Whale detection: New innovative use of SSC's Maritime Surveillance System

June 20th, 2013 in Biology / Plants & Animals
Whale detection: New innovative use of SSC’s Maritime Surveillance System

SSC's customer Transport Canada has extended the boundaries of the maritime surveillance system MSS 6000 by using it in a new innovative way: Whale spotting!

Whales are an and the subject of attention from many scientists worldwide. Whale researchers want to identify the presence of whales, learn what draws whales to this part of the ocean during the late fall and winter, and study their patterns and activities. Knowing where whales are is important because it can help manage interactions between an endangered species and the human activities that impact those species. The labor-intensive work of surveying for whales is usually done by human observers on or , and is limited by the conditions at sea.

IR scan of whale activity.

Operational experience from tracking whales over Canadian waters

In October 3rd 2012 the Canadian National Aerial Surveillance Programme (NASP) was on a multi-tasking mission ( patrol & whale survey) off the west coast of Vancouver Island. Aboard the aircraft there were two pollution patrol technologists from Environment Canada (Transport Canada) and three Cetacean Researches from the Pacific Biological Station. On 17th April 2013 there was another flight 50 to 90 miles southwest of Cape St. James which is on the Haida Gwaii Islands. Mr Hilchie, Manager MART Pacific for the NASP Program was the MSS 6000 system operator. During those whales monitoring flights and on both occasions he has been able to report recent whale activity and distinct group of seen with both the IR/UV scanner and the SLAR.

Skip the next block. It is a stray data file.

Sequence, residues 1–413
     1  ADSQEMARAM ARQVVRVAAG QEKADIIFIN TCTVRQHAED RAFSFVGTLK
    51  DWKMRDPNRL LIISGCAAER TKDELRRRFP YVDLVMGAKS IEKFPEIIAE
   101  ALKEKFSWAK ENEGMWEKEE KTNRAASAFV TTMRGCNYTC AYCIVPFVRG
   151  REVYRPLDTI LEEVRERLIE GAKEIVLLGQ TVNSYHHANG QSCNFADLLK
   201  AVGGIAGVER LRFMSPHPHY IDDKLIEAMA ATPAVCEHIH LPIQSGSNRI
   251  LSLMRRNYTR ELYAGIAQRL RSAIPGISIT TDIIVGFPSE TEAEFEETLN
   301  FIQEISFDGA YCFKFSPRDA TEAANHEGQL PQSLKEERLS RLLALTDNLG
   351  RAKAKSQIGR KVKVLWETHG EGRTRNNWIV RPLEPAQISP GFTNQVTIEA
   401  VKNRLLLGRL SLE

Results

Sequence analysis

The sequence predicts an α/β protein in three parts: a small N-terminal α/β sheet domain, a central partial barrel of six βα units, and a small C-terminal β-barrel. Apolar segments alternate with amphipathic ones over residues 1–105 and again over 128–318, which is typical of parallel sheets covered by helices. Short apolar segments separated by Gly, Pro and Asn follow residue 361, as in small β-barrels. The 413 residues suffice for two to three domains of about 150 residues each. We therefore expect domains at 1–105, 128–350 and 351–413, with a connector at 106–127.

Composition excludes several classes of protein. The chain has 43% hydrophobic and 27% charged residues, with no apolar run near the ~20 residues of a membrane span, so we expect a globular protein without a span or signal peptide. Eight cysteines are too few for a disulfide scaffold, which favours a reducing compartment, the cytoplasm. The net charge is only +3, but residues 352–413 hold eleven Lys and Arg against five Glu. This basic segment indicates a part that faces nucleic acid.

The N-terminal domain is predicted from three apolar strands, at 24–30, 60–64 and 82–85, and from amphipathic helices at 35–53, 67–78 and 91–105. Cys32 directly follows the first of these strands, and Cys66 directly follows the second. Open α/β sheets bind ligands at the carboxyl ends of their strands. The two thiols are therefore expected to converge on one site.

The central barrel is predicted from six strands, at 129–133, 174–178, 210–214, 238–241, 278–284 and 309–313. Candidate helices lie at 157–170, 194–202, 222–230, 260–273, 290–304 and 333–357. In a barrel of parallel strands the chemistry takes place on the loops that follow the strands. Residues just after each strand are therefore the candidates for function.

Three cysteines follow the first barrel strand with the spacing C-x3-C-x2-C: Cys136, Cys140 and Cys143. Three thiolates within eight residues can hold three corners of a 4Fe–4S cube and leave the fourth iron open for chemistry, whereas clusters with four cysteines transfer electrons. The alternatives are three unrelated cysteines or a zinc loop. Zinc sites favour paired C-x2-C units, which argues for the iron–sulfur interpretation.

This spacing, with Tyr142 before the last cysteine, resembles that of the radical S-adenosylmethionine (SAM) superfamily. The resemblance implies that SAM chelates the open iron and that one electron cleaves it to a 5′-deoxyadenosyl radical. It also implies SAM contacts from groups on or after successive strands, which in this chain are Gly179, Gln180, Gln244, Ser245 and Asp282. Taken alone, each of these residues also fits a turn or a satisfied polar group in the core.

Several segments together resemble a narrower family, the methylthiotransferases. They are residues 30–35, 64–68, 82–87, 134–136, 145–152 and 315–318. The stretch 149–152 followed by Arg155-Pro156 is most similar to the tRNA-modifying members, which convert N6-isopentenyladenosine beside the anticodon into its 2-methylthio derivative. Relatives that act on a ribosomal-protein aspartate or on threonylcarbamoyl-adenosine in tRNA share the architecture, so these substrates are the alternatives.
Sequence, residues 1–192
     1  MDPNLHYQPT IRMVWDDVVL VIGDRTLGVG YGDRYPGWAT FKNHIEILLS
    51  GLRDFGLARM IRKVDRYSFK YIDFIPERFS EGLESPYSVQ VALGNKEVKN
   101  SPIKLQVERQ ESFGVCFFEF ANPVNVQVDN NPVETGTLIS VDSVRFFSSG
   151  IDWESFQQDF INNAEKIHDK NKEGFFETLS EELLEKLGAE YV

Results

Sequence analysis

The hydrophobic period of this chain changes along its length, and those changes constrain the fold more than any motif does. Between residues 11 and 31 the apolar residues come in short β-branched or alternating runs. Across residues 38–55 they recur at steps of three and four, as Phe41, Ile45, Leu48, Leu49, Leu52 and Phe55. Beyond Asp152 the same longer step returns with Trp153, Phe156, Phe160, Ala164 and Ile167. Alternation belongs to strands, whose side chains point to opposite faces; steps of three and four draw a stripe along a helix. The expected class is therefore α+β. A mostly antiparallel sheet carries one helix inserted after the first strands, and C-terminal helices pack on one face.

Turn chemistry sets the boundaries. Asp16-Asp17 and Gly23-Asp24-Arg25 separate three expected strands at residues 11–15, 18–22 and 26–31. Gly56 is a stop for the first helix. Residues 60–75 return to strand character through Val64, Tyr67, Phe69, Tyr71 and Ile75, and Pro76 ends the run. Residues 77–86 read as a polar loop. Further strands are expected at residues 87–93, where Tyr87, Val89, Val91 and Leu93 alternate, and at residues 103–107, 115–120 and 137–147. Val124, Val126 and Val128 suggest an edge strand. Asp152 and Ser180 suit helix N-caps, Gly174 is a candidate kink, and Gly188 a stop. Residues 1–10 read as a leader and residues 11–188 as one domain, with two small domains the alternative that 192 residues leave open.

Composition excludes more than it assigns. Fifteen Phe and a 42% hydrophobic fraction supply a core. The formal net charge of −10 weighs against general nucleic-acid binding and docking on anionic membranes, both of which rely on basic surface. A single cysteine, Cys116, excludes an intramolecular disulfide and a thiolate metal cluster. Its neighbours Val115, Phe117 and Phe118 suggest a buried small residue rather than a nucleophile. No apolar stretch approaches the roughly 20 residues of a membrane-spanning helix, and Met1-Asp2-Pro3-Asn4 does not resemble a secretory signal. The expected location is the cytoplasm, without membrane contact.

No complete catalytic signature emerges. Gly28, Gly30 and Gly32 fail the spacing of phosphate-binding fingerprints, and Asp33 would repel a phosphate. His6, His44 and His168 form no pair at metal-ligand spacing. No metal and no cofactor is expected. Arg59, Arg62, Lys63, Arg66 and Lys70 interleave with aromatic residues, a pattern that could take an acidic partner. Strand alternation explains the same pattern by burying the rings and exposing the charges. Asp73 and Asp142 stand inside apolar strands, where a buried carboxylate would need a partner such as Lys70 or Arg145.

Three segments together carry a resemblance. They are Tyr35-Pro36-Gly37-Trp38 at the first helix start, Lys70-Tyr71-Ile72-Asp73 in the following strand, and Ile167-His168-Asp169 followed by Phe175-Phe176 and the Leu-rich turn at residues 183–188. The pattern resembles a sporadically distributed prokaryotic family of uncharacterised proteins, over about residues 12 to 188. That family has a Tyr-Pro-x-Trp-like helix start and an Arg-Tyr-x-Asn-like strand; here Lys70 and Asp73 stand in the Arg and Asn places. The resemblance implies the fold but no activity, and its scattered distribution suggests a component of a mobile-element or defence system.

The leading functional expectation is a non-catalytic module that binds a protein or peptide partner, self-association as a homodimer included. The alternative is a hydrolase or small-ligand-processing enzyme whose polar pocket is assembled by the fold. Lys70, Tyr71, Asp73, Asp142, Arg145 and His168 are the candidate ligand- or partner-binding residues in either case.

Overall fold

IR scan of a ship track.

For whale surveys one flies a search pattern at a low altitude. The observers are looking for whale spouts. These can be detected and marked in the SLAR waterfall window for time and position. In the SLAR and IR imagery they show up as anomalies.

When the whale surfaces it brings up deeper cold water and this shows up as breaks in the IR signature. The surface cold water in the IR scan is broken up in 155m lengths with 75 m length when there is no disturbance of the surface temperature - this would be consistent with the diving of the whale. The IR trace is also patchy due the more erratic movement of the whale.

This differs significantly from the IR scan of a ship. The cold water plume of a ship is very evident on the IR-scan due to the action of the propellers. It shows a clear straight uninterrupted line. It also follows the AIS positions of the ship.

Provided by SSC

"Whale detection: New innovative use of SSC's Maritime Surveillance System." June 20th, 2013. http://phys.org/news/2013-06-whale-ssc-maritime-surveillance.html